5. The apparatus of claim 1, wherein the controller is further configured to:
identify one or more objects in a vicinity of the vehicle;
combine information of the one or more identified objects with the one or more digital boundaries; and
identify a path of travel for the vehicle to follow based on the combined information and one or more digital boundaries.
6. The apparatus of claim 1, comprising a transmitter configured to communicate the one or more digital boundaries or the identified path to one or more of a database or one or more other users.
7. A method of generating a boundary for a vehicle, comprising:
receiving one or more images of an area;
storing the one or more images;
processing the images to generate one or more digital boundaries based on the one or more images;
enabling user control comprising:
selection of the area for which the one or more digital boundaries are created; and
manipulation of the one or more digital boundaries.
8. The method of claim 7, wherein the receiving is performed by a receiver, the storing is performed by a memory, the processing is performed by a processor, and the user control is enabled by a user controls or interface.
9. The method of claim 7, further comprising identifying one or more portions of the area within which the vehicle may travel based on the one or more digital boundaries.
10. The method of claim 7, wherein the area is a parking area.
11. The method of claim 7, further comprising:
identifying one or more objects in a vicinity of the vehicle;
combining information of the one or more identified objects with the one or more digital boundaries; and
identifying a path of travel for the vehicle to follow based on the combined information and one or more digital boundaries.
12. The method of claim 7, further comprising communicating the one or more digital boundaries or the identified path to one or more of a database or one or more other users.
13. An apparatus for generating a boundary for a vehicle, comprising:
means for receiving one or more images of an area;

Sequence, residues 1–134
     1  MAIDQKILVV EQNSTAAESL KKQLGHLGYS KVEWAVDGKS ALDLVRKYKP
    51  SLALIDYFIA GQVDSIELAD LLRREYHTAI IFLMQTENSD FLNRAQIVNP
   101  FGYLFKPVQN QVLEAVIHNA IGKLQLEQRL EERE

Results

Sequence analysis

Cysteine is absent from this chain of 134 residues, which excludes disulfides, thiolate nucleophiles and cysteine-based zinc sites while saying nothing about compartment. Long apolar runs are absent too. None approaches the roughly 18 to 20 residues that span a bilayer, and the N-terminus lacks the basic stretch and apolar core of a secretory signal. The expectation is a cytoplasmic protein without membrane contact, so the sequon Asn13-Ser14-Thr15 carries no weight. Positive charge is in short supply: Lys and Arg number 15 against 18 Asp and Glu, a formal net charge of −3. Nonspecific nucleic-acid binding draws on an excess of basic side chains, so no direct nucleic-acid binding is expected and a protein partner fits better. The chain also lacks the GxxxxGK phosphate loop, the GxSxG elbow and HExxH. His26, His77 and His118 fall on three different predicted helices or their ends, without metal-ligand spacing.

means for storing the one or more images or processed images;
means for generating one or more digital boundaries based on the one or more images; and
means for allowing user selection of the area for which the one or more digital boundaries are to be created;
means for allowing user manipulation of the one or more digital boundaries.
14. The apparatus of claim 13, wherein the means for receiving comprises a receiver, the means for storing comprises a memory, the means for generating comprises a processor, and the means for allowing user selection and manipulation comprises a user controls or interface.
15. The apparatus of claim 13, further comprising means for identifying one or more portions of the area within which the vehicle may travel based on the one or more digital boundaries.
16. The apparatus of claim 13, wherein the area is a parking area.
17. The apparatus of claim 13, further comprising:
one or more means for providing information identifying one or more objects in a vicinity of the vehicle;
means for combining the information from the one or more means for providing information with the one or more digital boundaries; and
means for identifying a path of travel for the vehicle to follow based on the information identifying one or more objects and the one or more digital boundaries.
18. The apparatus of claim 13, further comprising means for communicating the one or more digital boundaries or the identified path to one or more of a database or one or more other users.
US15/279,157 2015-09-30 2016-09-28 Methods and apparatus for generating digital boundaries based on overhead images Pending US20170089711A1 (en)